Many prominent men and women among his relatives,
one of whom was Samuel Adams.
An exceptionally bright boy but a problem for his
teachers. Although his mental age is well above the
average in the first year of high school, his grades run
from C to D. Is temperamental and more or less
queer. Easily takes a dislike to teachers or classmates.
Regards his school work with more or less contempt
and part of it he refuses to try at all. Because his
school work is poor some of his teachers consider his
intelligence only average.
FORTY-ONE SUPERIOR CHILDREN 243
Teacher's notes. An unusual ability to associate
facts, particularly scientific facts, and to repeat from
memory after one reading. Rated 4 in social adapta-
bility, leadership, emotional self-control and unselfish-
ness. Is babyish in his play. Nervous; has muscular
twitchings and is easily embarrassed in class. Is se-
lected by his fellows as the one to tease, torment, and
nickname. Cries easily. "However, I believe that
M. will become more adjusted to his surroundings and
make a superior man." Average teacher rating on
Parents' notes. Health good. No special instruc-
tion in childhood except the little he received from a
workman on the ranch. Has been held back, but is
now allowed to go his own pace. Reads history, scien-
tific works and all kinds of magazines. Desires to
become an inventor. Average parent rating, 1.80.
(This was one of the few cases in which the parent's
ratings averaged higher than those of the teacher.)
Later, age 13. Marks in high school now slightly
above average, and there is marked improvement in
social adaptability and emotional life. Average parent
rating at this time, 1.60.
No. 38. Boy: A. L. 8. Poetic talent combined
with all-round ability.
Age &-4; mental age 13-2; I Q 141.
This child was first brought to our attention as a
result of a group test. We have not yet had oppor-
244 INTELLIGENCE OF SCHOOL CHILDREN
tunity to learn much about him, except that he is con-
sidered one of the brightest pupils in the school of the
small city where he lives. The following poem was
composed when he was 9 years old. It shows remark-
able maturity of thought for a child of his age:
Do not worry over trifles, though to you they may seem
All your fretting will not help you, or your troubles dissipate.
If your sky is dark and gloomy, and the sun is hid from
Bravely smile and keep on smiling,
And your friends will smile with you.
Happiness is so contagious, and a smile is never lost;
Then why worry over trifles, though your heart seems tem-
Therefore go on life's rough journey with an optimistic
See the world is good to live in, and that living is worth
No. 39. Boy: J. 8. Intensive mental culture in
early childhood. Fine mental balance. Has a sister
who is an infant prodigy.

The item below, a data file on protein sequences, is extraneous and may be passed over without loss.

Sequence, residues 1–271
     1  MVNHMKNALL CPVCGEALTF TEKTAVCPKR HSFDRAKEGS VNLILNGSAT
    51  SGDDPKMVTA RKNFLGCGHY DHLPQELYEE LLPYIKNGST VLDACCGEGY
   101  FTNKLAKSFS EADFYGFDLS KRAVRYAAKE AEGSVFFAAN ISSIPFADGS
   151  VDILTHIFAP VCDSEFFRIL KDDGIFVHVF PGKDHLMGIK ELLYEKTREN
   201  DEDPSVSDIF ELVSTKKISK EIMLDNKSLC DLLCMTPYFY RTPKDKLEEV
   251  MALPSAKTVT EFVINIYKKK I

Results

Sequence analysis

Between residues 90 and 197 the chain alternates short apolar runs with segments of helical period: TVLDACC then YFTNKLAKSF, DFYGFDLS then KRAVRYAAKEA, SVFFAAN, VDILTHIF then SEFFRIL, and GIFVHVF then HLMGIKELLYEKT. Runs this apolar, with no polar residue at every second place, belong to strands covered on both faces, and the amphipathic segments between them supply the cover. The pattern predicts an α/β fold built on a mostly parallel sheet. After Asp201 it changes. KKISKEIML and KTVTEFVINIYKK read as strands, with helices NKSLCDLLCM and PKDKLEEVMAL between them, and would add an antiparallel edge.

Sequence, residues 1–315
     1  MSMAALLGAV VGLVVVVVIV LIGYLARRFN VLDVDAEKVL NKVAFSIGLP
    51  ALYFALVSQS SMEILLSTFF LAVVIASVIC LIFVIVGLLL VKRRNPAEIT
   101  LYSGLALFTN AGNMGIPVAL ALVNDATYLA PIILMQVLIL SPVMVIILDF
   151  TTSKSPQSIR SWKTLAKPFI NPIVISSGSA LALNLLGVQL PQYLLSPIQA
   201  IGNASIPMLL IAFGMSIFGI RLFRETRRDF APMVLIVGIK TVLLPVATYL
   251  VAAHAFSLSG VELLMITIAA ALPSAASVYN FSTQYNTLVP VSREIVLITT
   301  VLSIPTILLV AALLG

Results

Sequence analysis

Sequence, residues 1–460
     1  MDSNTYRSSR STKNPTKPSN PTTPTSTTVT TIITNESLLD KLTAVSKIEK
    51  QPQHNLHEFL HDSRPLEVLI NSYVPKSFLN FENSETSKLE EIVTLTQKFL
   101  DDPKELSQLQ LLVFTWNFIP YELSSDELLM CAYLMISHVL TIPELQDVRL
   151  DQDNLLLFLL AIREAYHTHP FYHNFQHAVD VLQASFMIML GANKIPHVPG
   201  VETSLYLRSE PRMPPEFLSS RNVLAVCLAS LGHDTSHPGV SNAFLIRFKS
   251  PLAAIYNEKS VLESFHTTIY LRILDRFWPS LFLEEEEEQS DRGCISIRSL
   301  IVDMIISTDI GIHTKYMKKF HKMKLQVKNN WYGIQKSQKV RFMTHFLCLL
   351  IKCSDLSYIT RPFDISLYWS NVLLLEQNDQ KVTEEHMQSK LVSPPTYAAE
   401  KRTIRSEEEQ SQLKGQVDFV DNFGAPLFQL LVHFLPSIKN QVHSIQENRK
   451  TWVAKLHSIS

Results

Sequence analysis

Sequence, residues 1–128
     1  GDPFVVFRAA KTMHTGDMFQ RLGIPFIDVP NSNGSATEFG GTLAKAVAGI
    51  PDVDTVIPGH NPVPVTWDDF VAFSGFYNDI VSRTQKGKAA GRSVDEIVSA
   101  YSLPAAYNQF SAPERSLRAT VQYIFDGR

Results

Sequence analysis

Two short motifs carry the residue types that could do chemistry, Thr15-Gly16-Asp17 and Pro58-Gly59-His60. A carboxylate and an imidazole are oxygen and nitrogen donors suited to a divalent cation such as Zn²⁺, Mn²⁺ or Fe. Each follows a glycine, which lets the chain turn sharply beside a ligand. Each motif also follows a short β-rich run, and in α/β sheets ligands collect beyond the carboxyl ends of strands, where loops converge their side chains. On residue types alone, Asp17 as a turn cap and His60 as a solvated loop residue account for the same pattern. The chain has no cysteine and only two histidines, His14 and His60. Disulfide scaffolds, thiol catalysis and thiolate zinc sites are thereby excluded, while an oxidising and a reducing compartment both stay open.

Age 9-6; mental age 16-4; I Q 172; sixth grade.
Age 10-4; mental age 17-8; I Q 171; seventh grade.
In the first examination, age 9, J. passed four tests
in Superior Adult, including paper cutting, eight digits
direct order, seven digits reversed order, and the in-
FORTY-ONE SUPERIOR CU1LUKEJN 245
Special interest attaches to J. because he is a brother
of Martha, who at the age of 26 months was able to
read any primer. 1
Father a lawyer and a man of more than ordinary
ability. Graduated from university at 81. Mother
a teacher before marriage. Maternal grandfather a
farmer, of common school education and average abil-
ity. Uncles and aunts average or somewhat above.
Paternal grandfather a bookkeeper of business college
education and average ability. Paternal grandmother
of average ability, common school education.
Father's notes. J.'s superior ability first evident in
third year. Father accounts for the superiority as
" due to the fact that we deliberately set ourselves to
the task of educating him when he was a young child.
When J. was a mere baby I determined to start his
education. Commencing at the age of two years I
adopted artifices to make his play a source of education
and kept at it persistently until he was five years old
and had acquired the fundamentals of the first three
years of school, after which I dropped the matter. In
the case of the second boy, I had no time to take that
course and did not do so." (Second boy only average.)
Father describes J. as serious and dreamy, finding
his greatest pleasure in reading. Little interest in
tools or machinery. Quite different from the boister-
ous, happy-go-lucky younger brother. If left to his
1 See Tlic Journal of Applied Psychology, 1918, pp. 219-28: "An
Experiment in Infant Education."
246 INTELLIGENCE OP SCHOOL CHILDREN
own devices would spend all his leisure reading.
Health always perfect except for scarlet fever at 5
years. Average rating on traits, .35.
One year later, age llj. Health good; adenoids
and tonsils recently removed. Average of father's
rating on traits now 1.75. Marked improvement in
Teacher's notes. " J. is a boy of wonderful ability
for his years. In arithmetic he never draws an un-
warranted conclusion or premises anything unneces-
sary to the conclusion." When he started to school
he covered the first grade in a half day, the second
grade in two months, the third grade in six months,
and the fourth grade in two months. All but one of
the twenty traits graded 1 by the teacher, with special